Invisible Man in Mexico/El hombre que logró ser invisible (1958)

Invisible Man In Mexico (1958)Vibrates you with the most strange and violent emotion!

A scientist is wrongly convicted of murdering his partner and sentenced to life in prison. Luckily, his brother has been working on a formula for invisibility and, after a prison visit, the innocent man escapes and sets about uncovering the conspiracy and finding the real killer.

Mexican cinema of the 1950s and 1960s always tends to get noticed for some of its more outrageous output, particularly those films involving silver-masked wrestler Santo, or the wonderful Aztec Mummy. This is mainly due to the efforts of legendary film distributor K Gordon Murray, who dubbed the films into English and released them north of the border. But that wasn’t the whole story, and the proof is here with this well-mounted, professional take on the H.G.Wells’ tale of the ‘things that man must leave alone.’

Simply, it’s a remake of Universal’s ‘The Invisible Man Returns’ (1940), where a young Vincent Price found himself in a similar predicament to our hero here, played by well-respected Mexican actor Arturo de Cordova. It’s a serious drama that respects its source material (both literary and cinematic), throwing in the same creeping madness that derailed Claude Rains in the original ‘The Invisible Man’ (1933).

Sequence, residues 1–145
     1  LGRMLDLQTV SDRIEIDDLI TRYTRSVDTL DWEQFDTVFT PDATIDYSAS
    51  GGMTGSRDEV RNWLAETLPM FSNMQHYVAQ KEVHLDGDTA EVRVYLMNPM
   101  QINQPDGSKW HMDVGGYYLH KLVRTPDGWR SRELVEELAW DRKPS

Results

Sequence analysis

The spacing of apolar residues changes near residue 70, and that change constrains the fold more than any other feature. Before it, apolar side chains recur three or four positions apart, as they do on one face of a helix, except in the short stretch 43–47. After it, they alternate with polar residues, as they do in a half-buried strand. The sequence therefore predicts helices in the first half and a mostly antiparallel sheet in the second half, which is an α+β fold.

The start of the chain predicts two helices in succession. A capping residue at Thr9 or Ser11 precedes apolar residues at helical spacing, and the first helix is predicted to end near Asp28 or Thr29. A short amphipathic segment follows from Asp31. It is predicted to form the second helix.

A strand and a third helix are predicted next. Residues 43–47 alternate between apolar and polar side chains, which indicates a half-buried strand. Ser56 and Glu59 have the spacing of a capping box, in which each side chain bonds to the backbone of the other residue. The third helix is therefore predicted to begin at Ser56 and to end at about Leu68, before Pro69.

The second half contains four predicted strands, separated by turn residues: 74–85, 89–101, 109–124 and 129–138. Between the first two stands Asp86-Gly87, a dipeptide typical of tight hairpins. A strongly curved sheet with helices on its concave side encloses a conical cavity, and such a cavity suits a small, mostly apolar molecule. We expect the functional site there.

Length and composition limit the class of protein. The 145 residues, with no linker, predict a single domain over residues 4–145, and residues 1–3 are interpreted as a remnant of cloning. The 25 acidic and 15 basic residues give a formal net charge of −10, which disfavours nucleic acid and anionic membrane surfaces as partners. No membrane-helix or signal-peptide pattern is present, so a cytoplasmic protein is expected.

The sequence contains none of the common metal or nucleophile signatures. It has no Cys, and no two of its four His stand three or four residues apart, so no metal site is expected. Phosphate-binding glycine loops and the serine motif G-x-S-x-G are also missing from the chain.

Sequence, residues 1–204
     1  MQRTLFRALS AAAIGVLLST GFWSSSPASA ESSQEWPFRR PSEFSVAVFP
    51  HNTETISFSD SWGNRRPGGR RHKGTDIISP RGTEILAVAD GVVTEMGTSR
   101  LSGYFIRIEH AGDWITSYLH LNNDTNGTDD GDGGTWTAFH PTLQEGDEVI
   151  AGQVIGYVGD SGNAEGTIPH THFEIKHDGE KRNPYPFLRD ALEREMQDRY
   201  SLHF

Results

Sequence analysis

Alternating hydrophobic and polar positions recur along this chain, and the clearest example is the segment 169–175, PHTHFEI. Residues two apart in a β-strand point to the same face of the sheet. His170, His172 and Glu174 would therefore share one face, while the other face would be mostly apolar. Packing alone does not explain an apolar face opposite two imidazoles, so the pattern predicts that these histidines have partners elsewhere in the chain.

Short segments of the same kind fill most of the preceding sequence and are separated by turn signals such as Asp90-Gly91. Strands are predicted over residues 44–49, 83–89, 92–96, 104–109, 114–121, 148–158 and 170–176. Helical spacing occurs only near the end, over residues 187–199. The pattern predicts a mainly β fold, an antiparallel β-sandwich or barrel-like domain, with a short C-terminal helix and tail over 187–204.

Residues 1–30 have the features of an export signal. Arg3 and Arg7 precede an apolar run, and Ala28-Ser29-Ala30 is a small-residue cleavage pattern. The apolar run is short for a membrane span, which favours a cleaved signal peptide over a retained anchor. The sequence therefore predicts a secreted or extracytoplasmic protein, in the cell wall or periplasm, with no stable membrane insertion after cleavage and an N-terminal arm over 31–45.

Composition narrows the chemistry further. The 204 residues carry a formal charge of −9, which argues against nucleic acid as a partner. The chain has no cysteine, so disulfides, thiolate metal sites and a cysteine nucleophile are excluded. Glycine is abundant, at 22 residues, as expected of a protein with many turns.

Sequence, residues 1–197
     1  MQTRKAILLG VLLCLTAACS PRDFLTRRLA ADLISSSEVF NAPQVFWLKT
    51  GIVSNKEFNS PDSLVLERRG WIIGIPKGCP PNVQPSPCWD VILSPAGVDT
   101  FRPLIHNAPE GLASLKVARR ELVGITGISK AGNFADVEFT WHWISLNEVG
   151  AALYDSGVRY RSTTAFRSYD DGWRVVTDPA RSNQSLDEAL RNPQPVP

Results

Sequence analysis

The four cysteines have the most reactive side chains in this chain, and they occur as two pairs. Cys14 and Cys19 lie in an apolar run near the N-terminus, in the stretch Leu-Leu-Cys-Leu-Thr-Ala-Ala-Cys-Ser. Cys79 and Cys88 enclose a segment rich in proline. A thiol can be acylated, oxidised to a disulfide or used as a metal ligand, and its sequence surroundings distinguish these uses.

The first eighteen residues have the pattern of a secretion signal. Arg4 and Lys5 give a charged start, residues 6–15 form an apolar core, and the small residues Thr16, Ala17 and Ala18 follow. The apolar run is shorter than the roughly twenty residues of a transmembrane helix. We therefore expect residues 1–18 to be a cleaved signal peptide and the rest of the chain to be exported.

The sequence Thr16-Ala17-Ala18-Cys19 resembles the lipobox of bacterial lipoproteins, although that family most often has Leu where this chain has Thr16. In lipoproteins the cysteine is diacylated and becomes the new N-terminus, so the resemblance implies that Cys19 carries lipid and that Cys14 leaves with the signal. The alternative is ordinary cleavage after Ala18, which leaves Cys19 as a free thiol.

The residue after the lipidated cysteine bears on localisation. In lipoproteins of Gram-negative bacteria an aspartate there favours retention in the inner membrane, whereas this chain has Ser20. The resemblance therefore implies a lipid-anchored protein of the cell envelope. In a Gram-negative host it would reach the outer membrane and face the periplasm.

Invisible Man In Mexico (1958)

He’d had better days…

The names in front and behind the camera were top flight in the local industry at the time and the talent is evident throughout. The SFX are decent for the time too; footprints appear, cigarettes are smoked, cushions sink and test animals fade to skeletons in the best Hollywood time lapse tradition. De Cordova making himself visible by slathering his face in makeup reminded me of the 1970s TV show with David McCallum.

The film is well acted, with some effort made to display credible emotional crises, as well as the more outlandish details of the tale. The real problem here is that it’s nothing new and, without a fresh take on the idea, it remains a resolutely average way to spend 90 minutes, even though it’s efficiently delivered by director Alfredo B Crevenna.

A reasonable entry in the Invisible Man’s long catalogue.



One thought on “Invisible Man in Mexico/El hombre que logró ser invisible (1958)

  1. El pueblo fantasma (Ghost Town) (1965) – Mark David Welsh

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